The English and others raised concerns of bribery on the part of the Russian team and corruption from FIFA members. They claimed that four members of the executive committee had requested bribes to vote for England, and had said that it had already been arranged before the vote that Russia would win. The 2014 , an internal investigation led by , was withheld from public release by , FIFA's head of adjudication on ethical matters. Eckert instead released a shorter revised summary, and his (and therefore FIFA's) reluctance to publish the full report caused Garcia to resign in protest. Because of the controversy, the FA refused to accept Eckert's absolving of Russia from blame, with calling for a re-examination of the affair and calling for a boycott of the World Cup.

Teams

Qualification

Main article:

For the first time in the history of the FIFA World Cup, all eligible nations – the 209 minus automatically qualified hosts Russia – applied to enter the qualifying process. and were later disqualified before playing their first matches, while and , who joined FIFA on 13 May 2016 after the qualifying draw but before European qualifying had begun, also entered the competition. Places in the tournament were allocated to continental confederations, with the allocation unchanged from the 2014 World Cup. The first qualification game, between and , began in on 12 March 2015 as part of the , and the main qualifying draw took place at the Konstantinovsky Palace in , , on 25 July 2015.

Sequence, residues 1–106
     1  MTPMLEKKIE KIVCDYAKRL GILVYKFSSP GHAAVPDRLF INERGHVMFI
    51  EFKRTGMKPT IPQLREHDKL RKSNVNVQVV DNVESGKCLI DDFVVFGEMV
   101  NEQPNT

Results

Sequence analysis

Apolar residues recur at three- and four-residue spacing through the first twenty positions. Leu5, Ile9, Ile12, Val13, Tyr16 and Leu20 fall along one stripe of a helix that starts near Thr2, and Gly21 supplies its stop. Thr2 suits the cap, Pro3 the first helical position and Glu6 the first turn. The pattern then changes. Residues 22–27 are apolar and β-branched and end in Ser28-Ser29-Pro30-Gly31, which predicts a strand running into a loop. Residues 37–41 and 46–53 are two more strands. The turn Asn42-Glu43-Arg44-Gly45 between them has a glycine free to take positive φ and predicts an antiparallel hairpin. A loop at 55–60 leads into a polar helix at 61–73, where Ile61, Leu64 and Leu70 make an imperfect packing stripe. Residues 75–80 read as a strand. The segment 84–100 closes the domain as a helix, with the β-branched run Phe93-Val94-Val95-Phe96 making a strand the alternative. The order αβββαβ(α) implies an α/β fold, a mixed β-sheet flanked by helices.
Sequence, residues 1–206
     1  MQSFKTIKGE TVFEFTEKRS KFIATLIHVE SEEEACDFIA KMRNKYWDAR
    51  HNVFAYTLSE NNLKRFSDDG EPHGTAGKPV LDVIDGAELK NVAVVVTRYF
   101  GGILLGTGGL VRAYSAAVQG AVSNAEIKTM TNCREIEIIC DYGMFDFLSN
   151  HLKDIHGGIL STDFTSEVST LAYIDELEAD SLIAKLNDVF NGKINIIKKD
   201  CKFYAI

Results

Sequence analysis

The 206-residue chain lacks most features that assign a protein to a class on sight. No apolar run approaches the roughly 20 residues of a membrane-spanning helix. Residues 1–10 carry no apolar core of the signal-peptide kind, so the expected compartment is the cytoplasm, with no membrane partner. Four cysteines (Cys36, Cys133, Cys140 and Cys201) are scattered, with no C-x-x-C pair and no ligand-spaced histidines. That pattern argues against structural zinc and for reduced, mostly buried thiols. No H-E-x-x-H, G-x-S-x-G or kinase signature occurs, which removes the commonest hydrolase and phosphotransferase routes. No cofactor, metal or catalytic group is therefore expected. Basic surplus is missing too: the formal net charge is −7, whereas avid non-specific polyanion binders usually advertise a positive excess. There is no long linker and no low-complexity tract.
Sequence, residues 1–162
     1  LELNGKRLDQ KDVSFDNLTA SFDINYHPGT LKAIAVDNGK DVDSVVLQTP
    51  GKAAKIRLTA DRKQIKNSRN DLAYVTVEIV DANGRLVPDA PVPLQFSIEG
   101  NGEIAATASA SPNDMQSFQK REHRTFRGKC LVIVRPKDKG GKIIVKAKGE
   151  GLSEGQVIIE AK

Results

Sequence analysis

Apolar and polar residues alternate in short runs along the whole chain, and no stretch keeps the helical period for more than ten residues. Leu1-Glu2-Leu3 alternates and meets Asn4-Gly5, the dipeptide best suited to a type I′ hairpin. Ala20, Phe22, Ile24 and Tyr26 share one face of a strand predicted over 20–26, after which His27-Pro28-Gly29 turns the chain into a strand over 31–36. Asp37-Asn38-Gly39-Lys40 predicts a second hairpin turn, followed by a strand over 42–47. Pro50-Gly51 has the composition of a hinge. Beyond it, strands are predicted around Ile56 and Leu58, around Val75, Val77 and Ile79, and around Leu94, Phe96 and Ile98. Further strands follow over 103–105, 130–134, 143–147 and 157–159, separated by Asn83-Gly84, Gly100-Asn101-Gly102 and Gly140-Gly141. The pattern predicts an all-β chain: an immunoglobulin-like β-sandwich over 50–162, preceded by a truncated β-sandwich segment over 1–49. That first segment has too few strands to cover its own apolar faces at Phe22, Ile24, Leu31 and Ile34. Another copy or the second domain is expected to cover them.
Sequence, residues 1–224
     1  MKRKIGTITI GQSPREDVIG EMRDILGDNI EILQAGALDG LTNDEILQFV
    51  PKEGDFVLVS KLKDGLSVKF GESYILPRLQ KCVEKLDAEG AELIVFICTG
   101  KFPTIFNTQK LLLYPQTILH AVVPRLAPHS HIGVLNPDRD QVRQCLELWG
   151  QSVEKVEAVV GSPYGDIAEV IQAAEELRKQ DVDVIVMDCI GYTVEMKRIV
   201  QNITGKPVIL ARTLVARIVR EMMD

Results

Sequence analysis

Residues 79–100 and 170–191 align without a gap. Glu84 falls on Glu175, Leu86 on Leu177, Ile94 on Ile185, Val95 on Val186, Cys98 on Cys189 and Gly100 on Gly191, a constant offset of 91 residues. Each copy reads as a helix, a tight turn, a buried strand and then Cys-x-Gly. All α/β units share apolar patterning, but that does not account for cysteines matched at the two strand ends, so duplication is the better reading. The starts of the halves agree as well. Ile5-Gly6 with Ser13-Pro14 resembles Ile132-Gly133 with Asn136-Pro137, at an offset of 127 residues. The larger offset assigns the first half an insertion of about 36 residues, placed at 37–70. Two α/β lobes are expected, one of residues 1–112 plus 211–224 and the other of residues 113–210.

Of the 32 nations qualified to play at the 2018 FIFA World Cup, 20 countries competed at the previous tournament in . Both Iceland and Panama qualified for the first time, with the former becoming the to reach the World Cup. Other teams returning after absences of at least three tournaments include: Egypt, returning to the finals after their last appearance in 1990; Morocco, who last competed in 1998; Peru, returning after 1982; and Senegal, competing for the second time after reaching the quarter-finals in 2002. It is the first time three (Denmark, Iceland and Sweden) and four (Egypt, Morocco, Saudi Arabia and Tunisia) have qualified for the World Cup.

Notable countries that failed to qualify include four-time champions (for the first time since 1958), three-time runners-up and third placed in 2014 the (for the first time since 2002), and four reigning continental champions: winners , two-time champions and runners-up , winners , and champions (for the first time since 1986). The other notable qualifying streaks broken were for and , who had both made the previous three tournaments.

Note: Numbers in parentheses indicate positions in the at the time of the tournament.

Draw

Main article:

Italian World Cup winner in Moscow at the 2018 World Cup draw